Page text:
The National Campaign for the Arts has published a sobering report, ‘Arts Index: England 2007-2014’. (Slightly confusingly also referred to as Arts Index 2015, but I’ll forgive them.) This paints a picture of an arts sector seemingly on the cusp. Whether it’s on the cusp of deformation or disaster, transformation or simply more determined, sweaty inventive hard work only time will tell.
The Index takes 20 indicators and tracks them, where possible, between 2007 and 2014. The indicators of treasury and local authority funding are shocking, but tell us what we know: government decisions have led to drastic reductions in public funding. Other indicators show decreases in business and individual giving – at least where recent data is available. (No congratulations to whatever bright sparks thought it would be a good idea if Arts & Business stopped tracking business giving just when we need to know more than ever.) Lottery funding is higher, of course, as the government never ceases to remind us.
Two things seem to be enabling the arts – as a whole – to keep a tenuous grip on the ‘consolidation’ phase. Firstly, earned income has tended to increase over the period, alongside numbers of people participating steady and their sense of the quality of the work improving. This is no small achievement. Secondly, trusts and foundations have stepped up to the plate and become even more important to the income mix. The indicators also suggest a trend toward greater economic contribution from the arts.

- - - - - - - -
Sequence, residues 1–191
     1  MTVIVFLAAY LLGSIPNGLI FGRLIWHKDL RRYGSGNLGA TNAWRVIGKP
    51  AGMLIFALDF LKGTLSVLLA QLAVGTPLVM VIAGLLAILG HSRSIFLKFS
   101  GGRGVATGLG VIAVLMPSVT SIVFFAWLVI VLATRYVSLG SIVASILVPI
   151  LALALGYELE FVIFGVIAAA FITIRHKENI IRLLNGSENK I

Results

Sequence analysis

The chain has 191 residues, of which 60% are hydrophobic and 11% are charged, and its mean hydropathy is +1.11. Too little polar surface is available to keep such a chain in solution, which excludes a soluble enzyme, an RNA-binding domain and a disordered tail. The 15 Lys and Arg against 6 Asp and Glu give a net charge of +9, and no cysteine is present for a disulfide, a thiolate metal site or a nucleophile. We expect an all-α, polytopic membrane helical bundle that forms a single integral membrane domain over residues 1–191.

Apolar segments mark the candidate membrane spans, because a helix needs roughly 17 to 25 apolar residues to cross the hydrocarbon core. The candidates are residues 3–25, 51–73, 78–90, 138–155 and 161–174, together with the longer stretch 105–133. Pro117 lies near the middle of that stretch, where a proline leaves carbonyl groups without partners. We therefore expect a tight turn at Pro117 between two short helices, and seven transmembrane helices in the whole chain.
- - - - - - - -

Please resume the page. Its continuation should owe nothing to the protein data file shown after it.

The overall indicator has actually risen since 2007. But one must ask at what cost. It is not the Index’s role necessarily, but we need, for instance, to assess the impact on inclusion/exclusion of the sector’s successful response to the ‘business imperative’ to earn more income. Other questions around those ‘areas of success’ would include how much longer earned income and trusts and foundations can continue to increase, and what damage there will be to ‘the ecosystem’ from the loss of organisations that can’t match the overall trend, for whatever reason.
The tone of the Index can be a bit doomy, which is understandable given its purpose. I’m not arguing for an equally advocacy-driven but ‘positive’ version – though this could be used as such. ‘Look how strong the arts are overall despite the cuts. Earning more, fundraising more, reaching more people.’ Those messages can, of course, be used from various directions. The ‘Index’ could help us look over the horizon for what might be coming. With this in mind, the most worrying indicator is the dip in reserves in recent years, after a period where they developed. This may be a sign of investment, or – more likely – of ends not quite meeting.